Many homes know the heartache of watching a child make a major mistake. Dr. Luke wrote in his gospel account: Luke 15:11-13 (NKJV) Then He said: “A certain man had two sons. And the younger of them said to his father, ‘Father, give me the portion of goods that falls to me.’ So he divided to them his livelihood. And not many days after, the younger son gathered all together, journeyed to a far country, and there wasted his possessions with prodigal living.”
This looks at the sons but focuses on the father. The dad does everything right as he responds to his son. We see a seven-fold response.
- The dad let him go without rejecting him. He could have easily said, “Ok, take your inheritance but don’t ever come back here. The dad allowed the son to make decisions that he knew would not be the best for the son…he respected his son enough to let him make his own decisions. Of course, age is a factor . . . you don’t let a 8 year old, or a 16 year old have this total freedom yet. Real love grants this freedom to a child of age even if you know it is the wrong decision . . . and you don’t reject them. Sometimes the best lessons learned are those that we learned through a wrong decision.
- The dad never stopped caring. Luke 15:20b (NKJV) . . . his father saw him and had compassion. Everyday that the son was gone, the dad would look and watch intently for his son to return. Why? . . . he loved his son with all his heart!
- The dad’s love ran deep. Luke 15:20b-c (NKJV) . . . his father saw him and had compassion, and ran and fell on his neck and kissed him. The dad could have been disgusted with the son. No . . . this dad loved his son no matter what he looked like, smelled like . . . no matter what wrong he had done!
- The dad’s love was not conditional. Luke 15:20 (NKJV) And he arose . . . and ran and fell on his neck and kissed him. The dad did not say, “Are you repentant?” He didn’t ask. He didn’t wait to see a broken will in the son. His love for his son was unconditional . . . ”I love you no matter what!”
- The dad humbled himself in front of all. Luke 15:20 (NKJV) …he ran and fell on his neck and kissed him. In that day and age, it was a disgrace for an older man to run in public. He would have to pull up his outer garment and gird it . . . this was undignified. This dad didn’t care about this. He humbled himself and ran to his son!
- The dad gave the son undeserved generosity. Luke 15:22-24 (NKJV) But the father said to his servants, ‘Bring out the best robe and put it on him, and put a ring on his hand and sandals on his feet.  And bring the fatted calf here and kill it, and let us eat and be merry;  for this my son was dead and is alive again; he was lost and is found.‘ And they began to be merry. This is nothing more than pure grace! The tough question is, “discipline or grace?” In this case, I believe that God had already disciplined the son…now God directs the father to show grace. For most of us, we probably err on the side of discipline rather than grace.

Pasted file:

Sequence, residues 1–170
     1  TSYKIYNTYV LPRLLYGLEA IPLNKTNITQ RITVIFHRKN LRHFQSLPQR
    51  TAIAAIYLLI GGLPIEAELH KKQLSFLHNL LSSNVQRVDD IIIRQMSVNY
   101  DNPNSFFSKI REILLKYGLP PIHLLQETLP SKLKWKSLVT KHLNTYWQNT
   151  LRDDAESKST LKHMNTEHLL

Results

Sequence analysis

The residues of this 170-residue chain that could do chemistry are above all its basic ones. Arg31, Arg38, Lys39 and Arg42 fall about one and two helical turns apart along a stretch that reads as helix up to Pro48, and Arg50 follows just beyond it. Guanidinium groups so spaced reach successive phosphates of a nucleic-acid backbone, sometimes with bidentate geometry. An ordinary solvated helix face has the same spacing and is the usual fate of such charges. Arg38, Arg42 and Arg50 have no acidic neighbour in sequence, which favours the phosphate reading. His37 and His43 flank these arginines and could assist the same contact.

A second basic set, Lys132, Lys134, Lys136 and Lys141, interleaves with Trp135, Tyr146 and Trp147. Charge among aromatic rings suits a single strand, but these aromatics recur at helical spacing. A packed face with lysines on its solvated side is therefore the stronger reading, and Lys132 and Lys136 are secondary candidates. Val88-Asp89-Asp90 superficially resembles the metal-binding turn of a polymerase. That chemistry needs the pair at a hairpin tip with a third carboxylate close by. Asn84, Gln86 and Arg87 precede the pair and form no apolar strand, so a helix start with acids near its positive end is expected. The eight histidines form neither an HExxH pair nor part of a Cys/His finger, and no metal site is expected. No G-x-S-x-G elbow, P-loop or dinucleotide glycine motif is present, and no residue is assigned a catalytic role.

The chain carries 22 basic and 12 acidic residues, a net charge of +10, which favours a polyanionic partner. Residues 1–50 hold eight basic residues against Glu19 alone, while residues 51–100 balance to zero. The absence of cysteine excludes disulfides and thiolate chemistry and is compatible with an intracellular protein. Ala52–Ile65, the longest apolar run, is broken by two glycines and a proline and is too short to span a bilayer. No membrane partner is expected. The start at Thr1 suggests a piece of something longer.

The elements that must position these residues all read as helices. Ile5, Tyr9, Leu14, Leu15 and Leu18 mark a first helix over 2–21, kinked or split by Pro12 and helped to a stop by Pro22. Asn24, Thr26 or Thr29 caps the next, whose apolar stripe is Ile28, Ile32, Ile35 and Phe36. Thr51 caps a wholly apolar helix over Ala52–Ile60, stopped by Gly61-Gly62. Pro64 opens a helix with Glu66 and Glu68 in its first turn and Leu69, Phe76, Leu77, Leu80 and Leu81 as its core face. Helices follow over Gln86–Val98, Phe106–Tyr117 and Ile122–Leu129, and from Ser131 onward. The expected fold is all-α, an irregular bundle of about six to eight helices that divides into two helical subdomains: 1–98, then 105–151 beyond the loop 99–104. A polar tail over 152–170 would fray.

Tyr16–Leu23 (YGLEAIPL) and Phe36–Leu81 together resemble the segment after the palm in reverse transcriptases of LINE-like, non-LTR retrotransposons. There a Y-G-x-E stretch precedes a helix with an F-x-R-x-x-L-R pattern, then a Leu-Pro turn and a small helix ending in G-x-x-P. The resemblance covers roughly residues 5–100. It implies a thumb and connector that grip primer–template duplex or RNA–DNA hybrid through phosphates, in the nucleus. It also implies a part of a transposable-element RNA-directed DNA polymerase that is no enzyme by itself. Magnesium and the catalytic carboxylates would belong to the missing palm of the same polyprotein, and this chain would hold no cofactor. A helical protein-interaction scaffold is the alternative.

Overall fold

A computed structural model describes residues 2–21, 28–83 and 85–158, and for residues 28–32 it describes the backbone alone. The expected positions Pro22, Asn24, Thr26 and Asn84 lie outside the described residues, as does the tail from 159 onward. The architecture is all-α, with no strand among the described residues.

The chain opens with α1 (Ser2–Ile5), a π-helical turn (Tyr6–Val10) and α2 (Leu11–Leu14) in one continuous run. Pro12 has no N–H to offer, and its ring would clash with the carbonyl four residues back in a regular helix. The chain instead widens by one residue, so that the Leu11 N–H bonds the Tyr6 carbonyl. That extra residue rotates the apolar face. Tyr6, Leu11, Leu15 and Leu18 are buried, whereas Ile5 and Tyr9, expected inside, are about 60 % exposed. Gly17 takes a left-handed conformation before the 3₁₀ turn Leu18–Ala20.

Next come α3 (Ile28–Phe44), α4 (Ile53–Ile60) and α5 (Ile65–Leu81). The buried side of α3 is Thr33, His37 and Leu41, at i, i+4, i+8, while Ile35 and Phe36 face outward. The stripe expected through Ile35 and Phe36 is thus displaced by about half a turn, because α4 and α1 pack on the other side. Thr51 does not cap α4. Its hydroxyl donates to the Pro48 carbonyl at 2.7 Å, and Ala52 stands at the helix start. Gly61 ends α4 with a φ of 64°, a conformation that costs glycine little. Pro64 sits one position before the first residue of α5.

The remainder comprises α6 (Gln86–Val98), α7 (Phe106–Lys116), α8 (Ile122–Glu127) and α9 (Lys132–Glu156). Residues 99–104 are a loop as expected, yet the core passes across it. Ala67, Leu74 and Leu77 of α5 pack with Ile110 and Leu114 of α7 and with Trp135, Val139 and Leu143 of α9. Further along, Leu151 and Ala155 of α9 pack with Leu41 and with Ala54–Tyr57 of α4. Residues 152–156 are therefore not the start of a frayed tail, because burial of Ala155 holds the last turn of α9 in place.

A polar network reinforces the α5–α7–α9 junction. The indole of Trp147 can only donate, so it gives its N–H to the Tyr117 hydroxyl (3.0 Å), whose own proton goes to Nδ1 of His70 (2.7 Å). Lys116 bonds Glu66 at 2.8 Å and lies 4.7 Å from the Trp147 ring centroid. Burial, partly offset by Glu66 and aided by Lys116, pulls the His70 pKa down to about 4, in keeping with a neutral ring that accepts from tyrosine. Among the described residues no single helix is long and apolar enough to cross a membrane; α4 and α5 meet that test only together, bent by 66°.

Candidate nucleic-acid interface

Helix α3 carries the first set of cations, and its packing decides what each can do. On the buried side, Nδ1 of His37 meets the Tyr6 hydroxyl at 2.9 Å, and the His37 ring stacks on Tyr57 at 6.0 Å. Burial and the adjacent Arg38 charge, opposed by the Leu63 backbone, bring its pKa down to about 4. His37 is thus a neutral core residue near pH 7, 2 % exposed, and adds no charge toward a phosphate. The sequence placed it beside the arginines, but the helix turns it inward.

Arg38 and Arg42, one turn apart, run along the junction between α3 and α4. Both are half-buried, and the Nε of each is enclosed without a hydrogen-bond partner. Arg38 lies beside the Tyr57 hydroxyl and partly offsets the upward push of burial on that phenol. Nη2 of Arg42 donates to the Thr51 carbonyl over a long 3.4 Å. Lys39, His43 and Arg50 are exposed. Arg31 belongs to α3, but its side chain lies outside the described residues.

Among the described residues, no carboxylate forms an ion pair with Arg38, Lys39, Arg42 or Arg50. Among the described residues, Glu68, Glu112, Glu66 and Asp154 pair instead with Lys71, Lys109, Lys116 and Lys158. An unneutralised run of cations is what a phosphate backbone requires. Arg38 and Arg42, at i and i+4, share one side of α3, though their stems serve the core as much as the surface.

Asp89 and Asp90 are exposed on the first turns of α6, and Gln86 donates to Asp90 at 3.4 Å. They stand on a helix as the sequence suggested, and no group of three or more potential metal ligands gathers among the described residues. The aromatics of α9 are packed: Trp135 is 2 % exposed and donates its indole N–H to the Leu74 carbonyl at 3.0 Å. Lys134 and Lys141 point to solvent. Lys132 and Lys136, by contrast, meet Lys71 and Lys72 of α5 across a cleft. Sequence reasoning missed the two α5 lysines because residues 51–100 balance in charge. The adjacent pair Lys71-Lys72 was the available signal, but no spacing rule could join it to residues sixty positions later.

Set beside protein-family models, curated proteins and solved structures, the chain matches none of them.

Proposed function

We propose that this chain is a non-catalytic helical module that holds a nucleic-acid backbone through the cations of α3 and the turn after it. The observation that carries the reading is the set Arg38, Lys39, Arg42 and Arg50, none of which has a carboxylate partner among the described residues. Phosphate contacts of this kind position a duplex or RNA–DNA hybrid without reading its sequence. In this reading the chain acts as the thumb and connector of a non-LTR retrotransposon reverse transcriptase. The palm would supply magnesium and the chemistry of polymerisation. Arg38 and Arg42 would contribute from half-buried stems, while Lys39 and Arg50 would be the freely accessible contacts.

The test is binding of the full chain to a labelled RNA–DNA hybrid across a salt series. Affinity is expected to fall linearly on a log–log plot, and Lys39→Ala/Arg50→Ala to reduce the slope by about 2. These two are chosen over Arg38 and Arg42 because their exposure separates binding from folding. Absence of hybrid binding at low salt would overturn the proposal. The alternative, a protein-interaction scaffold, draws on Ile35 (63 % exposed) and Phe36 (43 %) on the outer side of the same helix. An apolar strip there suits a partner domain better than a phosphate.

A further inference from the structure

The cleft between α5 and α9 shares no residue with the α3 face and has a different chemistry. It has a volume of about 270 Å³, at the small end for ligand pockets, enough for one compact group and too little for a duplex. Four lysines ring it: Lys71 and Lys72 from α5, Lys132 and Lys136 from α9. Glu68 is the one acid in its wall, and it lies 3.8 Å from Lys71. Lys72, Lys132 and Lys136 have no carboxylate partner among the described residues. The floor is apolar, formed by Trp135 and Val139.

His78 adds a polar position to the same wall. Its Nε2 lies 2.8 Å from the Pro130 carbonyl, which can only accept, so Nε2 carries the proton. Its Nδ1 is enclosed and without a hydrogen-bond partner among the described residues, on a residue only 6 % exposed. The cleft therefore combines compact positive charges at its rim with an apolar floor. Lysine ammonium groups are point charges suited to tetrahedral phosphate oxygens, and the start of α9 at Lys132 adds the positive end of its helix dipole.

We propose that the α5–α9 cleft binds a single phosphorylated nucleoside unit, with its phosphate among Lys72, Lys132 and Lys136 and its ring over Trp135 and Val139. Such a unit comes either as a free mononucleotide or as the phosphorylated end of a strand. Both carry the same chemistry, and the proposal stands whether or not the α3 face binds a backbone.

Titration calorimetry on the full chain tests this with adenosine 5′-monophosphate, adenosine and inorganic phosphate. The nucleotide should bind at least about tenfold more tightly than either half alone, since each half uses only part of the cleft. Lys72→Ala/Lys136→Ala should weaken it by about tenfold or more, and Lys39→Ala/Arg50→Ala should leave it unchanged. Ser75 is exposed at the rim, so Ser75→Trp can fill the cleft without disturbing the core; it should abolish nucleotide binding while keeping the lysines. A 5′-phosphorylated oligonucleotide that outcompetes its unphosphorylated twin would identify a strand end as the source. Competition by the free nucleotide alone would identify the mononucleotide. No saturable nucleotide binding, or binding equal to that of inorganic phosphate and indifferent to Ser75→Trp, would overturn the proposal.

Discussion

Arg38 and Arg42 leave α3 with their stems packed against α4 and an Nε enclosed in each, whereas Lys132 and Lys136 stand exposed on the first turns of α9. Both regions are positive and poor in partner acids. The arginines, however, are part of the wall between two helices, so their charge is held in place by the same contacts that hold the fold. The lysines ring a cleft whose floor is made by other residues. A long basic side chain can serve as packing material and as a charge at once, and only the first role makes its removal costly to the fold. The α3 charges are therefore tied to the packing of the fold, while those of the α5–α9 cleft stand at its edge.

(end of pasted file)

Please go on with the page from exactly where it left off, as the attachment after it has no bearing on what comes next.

- The dad totally accepts the son. Luke 15:21 (NKJV) And the son said to him, ‘Father, I have sinned against heaven and in your sight, and am no longer worthy to be called your son.’ The dad does not lay down the new ground rules…that will come later…for now, the dad just needs to accept his son . . . as if the deed had never happened!
This is one of the most wonderful illustrations of responding to a child that goes astray. The dad knew what complete forgiveness looked like:
- It was immediate.
- It was total.
- It was forgotten. It was not, “I’ll forgive but I can’t forget!”
- It was costly. If the son bore the price, it was justice. If the father, bore the price, it was forgiveness. The dad just simply absorbed the son’s wrongs.
- It was restorative. The former relationship was re-established.
This is the way my heavenly Father loved and forgave me . . . why should I do anything less? Do you kknow what prodigal means? It means ‘excessive or extravagant’. So you have an excessive and extravagant son being given excessive and extravagant love and forgiveness by the dad!!!
But what do you do between the time of their departure from the teachings of Christ and their return? This is when the heart aches. So what do you do? Tomorrow’s post will address this.